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John Robertson: The Dark Room

Note: This review is from 2012

Review by Jay Richardson

‘You awake to find yourself in a dark room…’ What a marvellous, maddening concept this is from the twisted psyche of John Robertson.

Based on the choose-you-own-adventure computer games of his lonely childhood, the Australian storyteller has contrived a simple, text-based roleplaying game-cum-show that spoofs the megalomaniac tendencies and arbitrary cruelty of the stand-up comedian. Think Dungeons and Dragons without the dragons.

The technology employed is rudimentary, but it’s a measure of the show’s uncomplicated allure and community-fostering spirit that ten, delayed minutes of failing to get his laptop working, with a technician from another venue assisting the resident, didn’t result in any walkouts.

Robertson has more than something of the night about him, a shameless ham with a rich, deep voice and unquestionable stage presence, all too easily convincing you of the value of his dubious enterprise.

Sporting a rig and chestplate with a games controller as its centrepiece, he has a couple of lights illuminating what is otherwise murky blackness, save for the giant screen projecting behind him. With the lights off, he’s an amiable host, explaining the game’s rules and giving a running commentary on the show’s more chaotic moments. Yet when he flicks them on, he becomes the Dark Room itself, his eyebrows arched, his features etched with diabolic intent and his voice booming through the cavernous gloom.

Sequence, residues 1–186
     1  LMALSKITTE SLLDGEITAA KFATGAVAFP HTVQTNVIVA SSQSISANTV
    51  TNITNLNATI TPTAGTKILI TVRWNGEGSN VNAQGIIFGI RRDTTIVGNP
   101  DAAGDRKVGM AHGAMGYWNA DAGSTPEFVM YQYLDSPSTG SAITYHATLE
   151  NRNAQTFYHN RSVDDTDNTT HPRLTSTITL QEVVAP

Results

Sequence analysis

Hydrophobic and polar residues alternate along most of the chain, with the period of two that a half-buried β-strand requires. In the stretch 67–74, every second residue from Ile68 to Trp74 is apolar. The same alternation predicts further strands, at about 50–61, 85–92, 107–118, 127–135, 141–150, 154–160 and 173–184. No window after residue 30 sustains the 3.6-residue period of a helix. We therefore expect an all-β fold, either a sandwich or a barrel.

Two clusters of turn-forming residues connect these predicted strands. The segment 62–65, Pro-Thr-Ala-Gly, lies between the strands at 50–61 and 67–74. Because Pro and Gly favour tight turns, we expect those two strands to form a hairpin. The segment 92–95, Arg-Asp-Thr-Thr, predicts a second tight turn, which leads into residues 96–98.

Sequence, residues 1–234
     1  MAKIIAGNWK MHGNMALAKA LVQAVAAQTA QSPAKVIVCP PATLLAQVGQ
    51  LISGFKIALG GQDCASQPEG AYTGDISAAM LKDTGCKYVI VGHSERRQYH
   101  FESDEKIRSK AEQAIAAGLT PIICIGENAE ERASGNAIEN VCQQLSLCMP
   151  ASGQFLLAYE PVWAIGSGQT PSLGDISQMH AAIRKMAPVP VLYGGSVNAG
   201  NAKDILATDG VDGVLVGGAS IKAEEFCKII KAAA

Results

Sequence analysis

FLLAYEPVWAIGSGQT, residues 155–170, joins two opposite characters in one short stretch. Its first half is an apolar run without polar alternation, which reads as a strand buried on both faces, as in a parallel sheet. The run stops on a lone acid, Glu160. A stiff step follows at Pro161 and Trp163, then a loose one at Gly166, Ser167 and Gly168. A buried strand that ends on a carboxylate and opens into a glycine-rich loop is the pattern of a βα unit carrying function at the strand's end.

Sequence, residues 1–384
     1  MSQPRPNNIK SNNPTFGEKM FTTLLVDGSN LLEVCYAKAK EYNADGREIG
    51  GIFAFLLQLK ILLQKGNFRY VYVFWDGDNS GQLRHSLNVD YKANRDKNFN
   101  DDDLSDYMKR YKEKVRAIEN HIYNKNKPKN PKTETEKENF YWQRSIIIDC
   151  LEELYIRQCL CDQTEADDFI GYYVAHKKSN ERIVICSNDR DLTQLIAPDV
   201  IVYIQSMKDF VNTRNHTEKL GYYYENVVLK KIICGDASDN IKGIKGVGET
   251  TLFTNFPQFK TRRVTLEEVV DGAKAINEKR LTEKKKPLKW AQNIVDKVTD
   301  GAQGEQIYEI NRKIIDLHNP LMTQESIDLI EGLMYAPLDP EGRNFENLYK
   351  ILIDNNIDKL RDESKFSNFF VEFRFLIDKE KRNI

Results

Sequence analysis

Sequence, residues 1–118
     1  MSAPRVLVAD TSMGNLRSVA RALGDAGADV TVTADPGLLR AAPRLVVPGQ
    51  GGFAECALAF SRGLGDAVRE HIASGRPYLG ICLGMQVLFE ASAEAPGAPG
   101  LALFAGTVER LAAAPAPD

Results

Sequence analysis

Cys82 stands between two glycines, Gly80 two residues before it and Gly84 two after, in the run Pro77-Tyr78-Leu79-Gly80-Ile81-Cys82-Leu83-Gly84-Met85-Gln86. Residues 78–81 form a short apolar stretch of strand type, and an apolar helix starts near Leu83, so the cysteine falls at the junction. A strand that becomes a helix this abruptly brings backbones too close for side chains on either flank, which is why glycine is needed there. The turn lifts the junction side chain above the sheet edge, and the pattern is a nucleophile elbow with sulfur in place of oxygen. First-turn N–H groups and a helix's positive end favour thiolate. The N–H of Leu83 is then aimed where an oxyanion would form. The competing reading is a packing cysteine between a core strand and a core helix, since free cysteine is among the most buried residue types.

Representing five individual lives, players tend to be plucked from the audience, though this is a show where volunteering is recommended. Fifty pounds is the incentive for anyone who can complete the game, which, at the time of writing, no one, not even visiting choose-you-own-adventure creator Ian Livingstone, has successfully accomplished. For a free show, that’s nothing ventured and everything to gain.

Awakening in the Dark Room, players are offered various, colour-coded choices, from the logical to the completely off-the-wall, with laughter prompted by the unpredictable consequences. Death is always just around the corner. And yet, over five lives, people begin to remember the narrative paths, leading to conflicting cries of directions and encouragement, an emerging democratic system undermined by selections that evoke Stalin.

Brendon Burns participated on the afternoon I attended and it was hilarious to witness this most cocksure of comics being roundly shouted down.

How deep the game gets I’ve no idea. The graphics are non-existent and the gameplay has retro charm only. The show as a whole might charitably be described as in the beta stage of development.

Still, there’s something enjoyable lurking in the gloom and its sense of quest. It will be fascinating to see if Robertson develops the idea further in the future or simply retains it as an excuse to bellow in strangers’ faces.

Review date: 15 Aug 2012
Reviewed by: Jay Richardson
Reviewed at: Alternative Fringe @ The Hive

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